It turns out the merit was not defined in the public interest at all – it was just her view that she was the best person to lead the government. 

Because these decisions didn’t fatten her own bank account, she continued to claim ‘integrity’ – something I know the younger version of Gladys would never have done. It seems to have been a navigation tool she developed for hard choices as leader. 

Listening to her incredible evidence to ICAC, I momentarily glimpsed my former friend, recalling her first days at school without any English – desperate to fit in, to please, and to make something of herself. 

I do believe she was exploited, not just by Daryl Maguire, but by those who wanted her to follow the ‘two duties’ culture. As premier, it was her responsibility to recognise this as incompatible and stand up to it. 

Wilful blindness is a dangerous trap at the top. Whether it was the captain of the Titan ignoring advice, the aborted Russian Coup, or the long-awaited release of the ICAC report, where Gladys allowed her friends to cloud her judgement – in every case, a leaders’ wilful blindness to difficult truths inflicts consequences and costs.

Catherine Cuasck is a former Liberal MLC and is based in Lennox Head.


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10 COMMENTS

  1. Oh know, a bad boyfriend and others made her do it. Come on she was the leader and got there by being assertive and knowingly made deals. She is responsible for her actions which she knowingly did.

    • Wow with a “mentor” like this why would Gladys need enemies? I’ve heard more from Catherine Cusack this year through her opinion pieces than in her entire career supposedly spent representing our region as an upper house MP. She is second only to Tamara Smith as a non-entity and just as dull.

      • Catherine Cusack was a member of the Legislative Council, and as such was not “supposedly ” representing our region,but all of NSW. Her residence here, particularly going through the floods, did inform her decision making and ultimately her resignation. I would suggest Gladys had a very good mentor in Catherine, particularly as a woman and in developing assertiveness , a trait Catherine coming from a very successful business and sporting family never lacked. That showed in Gladys’s premiership which while ultimately flawed was successful in many achievements and popular too .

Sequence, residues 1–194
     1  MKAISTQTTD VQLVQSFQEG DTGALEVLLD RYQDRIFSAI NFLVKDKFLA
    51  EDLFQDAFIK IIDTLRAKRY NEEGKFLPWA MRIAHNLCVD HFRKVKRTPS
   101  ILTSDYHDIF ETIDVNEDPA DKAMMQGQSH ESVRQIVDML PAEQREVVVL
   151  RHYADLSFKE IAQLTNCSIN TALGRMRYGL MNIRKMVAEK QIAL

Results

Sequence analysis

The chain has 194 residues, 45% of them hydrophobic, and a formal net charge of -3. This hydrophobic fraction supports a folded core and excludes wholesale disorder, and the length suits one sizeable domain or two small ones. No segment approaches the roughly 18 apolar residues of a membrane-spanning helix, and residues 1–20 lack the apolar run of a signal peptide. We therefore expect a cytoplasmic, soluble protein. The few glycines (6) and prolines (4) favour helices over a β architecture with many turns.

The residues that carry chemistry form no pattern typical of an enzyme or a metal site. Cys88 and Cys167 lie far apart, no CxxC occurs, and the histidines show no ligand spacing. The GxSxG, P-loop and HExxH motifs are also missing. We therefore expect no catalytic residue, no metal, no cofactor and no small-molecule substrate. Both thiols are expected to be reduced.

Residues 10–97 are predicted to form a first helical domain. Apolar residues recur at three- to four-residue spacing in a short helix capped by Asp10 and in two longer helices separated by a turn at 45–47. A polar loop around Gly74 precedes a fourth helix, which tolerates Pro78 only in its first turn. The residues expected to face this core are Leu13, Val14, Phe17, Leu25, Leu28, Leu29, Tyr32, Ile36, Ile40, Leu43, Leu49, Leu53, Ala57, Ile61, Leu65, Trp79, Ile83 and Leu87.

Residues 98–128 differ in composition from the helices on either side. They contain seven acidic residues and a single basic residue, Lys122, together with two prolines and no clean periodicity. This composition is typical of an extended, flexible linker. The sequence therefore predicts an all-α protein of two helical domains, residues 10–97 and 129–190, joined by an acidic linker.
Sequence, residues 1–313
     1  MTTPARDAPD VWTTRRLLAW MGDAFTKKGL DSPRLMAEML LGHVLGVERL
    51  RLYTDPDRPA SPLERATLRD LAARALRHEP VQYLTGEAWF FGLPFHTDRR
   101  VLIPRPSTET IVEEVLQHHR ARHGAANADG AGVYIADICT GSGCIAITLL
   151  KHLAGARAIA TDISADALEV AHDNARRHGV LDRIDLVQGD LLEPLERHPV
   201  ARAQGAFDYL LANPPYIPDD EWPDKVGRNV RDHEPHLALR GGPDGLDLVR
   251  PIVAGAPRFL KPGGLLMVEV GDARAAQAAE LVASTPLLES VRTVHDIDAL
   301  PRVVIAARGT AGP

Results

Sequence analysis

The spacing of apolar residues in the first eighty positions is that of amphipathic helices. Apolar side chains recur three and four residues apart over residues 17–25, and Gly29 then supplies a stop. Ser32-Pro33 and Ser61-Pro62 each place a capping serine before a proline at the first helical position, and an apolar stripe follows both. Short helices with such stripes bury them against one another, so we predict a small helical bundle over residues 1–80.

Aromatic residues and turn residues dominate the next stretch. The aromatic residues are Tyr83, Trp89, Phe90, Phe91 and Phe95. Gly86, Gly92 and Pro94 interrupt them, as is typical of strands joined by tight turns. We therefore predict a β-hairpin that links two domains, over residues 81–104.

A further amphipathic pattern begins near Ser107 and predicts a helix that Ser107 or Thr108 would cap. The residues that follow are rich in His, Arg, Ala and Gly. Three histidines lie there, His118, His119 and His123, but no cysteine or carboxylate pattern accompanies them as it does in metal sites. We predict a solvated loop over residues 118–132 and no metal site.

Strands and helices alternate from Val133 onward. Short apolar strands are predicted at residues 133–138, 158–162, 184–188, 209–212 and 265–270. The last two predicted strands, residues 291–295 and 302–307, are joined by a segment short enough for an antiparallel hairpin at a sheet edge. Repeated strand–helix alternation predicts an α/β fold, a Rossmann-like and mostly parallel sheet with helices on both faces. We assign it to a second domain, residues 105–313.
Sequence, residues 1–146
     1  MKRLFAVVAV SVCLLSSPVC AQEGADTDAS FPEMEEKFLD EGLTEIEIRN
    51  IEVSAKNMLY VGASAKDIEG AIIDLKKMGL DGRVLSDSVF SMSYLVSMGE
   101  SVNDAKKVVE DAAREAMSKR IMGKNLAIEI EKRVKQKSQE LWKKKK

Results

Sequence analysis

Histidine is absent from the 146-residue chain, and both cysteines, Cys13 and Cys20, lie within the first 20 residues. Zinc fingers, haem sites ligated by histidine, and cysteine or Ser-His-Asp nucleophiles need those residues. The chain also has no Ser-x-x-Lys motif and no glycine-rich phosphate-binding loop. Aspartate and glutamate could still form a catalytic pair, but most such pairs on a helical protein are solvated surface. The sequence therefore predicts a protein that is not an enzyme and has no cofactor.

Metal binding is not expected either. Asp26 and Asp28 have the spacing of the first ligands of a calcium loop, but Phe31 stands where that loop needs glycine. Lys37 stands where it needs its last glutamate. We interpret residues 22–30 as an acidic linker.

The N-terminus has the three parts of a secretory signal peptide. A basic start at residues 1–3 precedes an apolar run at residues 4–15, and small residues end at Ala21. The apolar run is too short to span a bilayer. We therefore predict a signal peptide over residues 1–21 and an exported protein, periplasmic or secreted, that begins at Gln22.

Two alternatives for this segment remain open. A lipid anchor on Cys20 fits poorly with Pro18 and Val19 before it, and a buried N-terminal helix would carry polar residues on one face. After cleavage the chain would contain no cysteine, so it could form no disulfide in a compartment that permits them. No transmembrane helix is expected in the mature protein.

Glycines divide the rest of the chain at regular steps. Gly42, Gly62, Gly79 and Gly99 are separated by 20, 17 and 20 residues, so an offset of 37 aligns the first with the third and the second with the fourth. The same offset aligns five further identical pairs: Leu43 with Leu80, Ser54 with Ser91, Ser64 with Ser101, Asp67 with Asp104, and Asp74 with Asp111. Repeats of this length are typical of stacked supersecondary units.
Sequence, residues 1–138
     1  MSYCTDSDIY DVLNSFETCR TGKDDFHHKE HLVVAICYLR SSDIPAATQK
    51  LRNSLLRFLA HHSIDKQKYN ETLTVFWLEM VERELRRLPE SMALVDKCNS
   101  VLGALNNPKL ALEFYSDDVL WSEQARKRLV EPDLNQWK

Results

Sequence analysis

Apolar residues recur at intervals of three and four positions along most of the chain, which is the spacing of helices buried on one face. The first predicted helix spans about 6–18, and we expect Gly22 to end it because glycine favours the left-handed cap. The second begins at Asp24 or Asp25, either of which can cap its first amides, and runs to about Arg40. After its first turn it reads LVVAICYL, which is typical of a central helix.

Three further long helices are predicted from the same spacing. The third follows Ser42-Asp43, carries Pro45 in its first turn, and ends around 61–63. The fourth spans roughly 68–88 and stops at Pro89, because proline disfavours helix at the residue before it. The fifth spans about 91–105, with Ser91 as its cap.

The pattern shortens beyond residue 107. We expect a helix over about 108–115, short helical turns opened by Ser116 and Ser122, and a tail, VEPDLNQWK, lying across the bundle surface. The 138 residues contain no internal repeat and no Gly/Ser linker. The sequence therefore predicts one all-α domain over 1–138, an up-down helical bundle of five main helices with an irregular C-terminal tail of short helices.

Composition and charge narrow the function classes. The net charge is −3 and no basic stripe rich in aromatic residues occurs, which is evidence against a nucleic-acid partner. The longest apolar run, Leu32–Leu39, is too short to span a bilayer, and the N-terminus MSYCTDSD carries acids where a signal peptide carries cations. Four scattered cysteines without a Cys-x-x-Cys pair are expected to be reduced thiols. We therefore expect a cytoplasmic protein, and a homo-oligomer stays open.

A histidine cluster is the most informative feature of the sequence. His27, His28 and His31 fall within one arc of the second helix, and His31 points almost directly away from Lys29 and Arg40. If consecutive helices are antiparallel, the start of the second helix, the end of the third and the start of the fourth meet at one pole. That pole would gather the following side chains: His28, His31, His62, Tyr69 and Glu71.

2. ” ‘I have a duty to the public, and a duty to the government’.” all of which obviously meant nothing to this corrupt but unapologetic, self-entitled
    travesty of public -service.
    With friends like her who needs enemies ? She should be behind bars.
    Cheers, G”)

  3. A NSW Government committee report on coercive control was handed down three months before Gladys resigned as Premier.

    Given the value of the new coercive control laws to provide Gladys with a defence, her involvement in them looks corrupt to me. As does the long stalling of the ICAC report into her conduct (while commencement of the new laws is pending).

    Bjelke-Peterson would have been impressed

    • Turns out a big reason in the delay was the statutory requirement to provide the accused with an opportunity to address the findings & given six-months to reply. Gladys didn’t respond & merely dragged it out to make the ICAC look bad

  4. Gladys is an extremely lucky woman in that ICAC, although finding that she did engage in corrupt activities, did not recommend criminal charges be laid, maybe because she did not appear to have benefited financially and was was probably the only thing that saved her sorry corrupt arse. Gladys is a well educated intelligent woman, if she did not see what Maguire was up to, she certainly should have. The whole Berejiklian/ Barilaro Coalition Govt was no doubt rotten to the core, and it’s a real shame more of the corrupt mongrels have not so far been brought to justice.

  5. Not one politician in this country would be innocent regarding using power to get a head start
    On the general lay population in any situation
    If it was legal or not so.. Scratch my back i will
    Scratch yours.. ! The Premier got caught out
    Turned a blind eye to her bad choice of a partner’s
    Activities.. surely red flags where popping up
    Before his illegal activities were noticeable..!
    Loneliness alone cannot be blamed for the Premiers lack of judgement.. not a good look !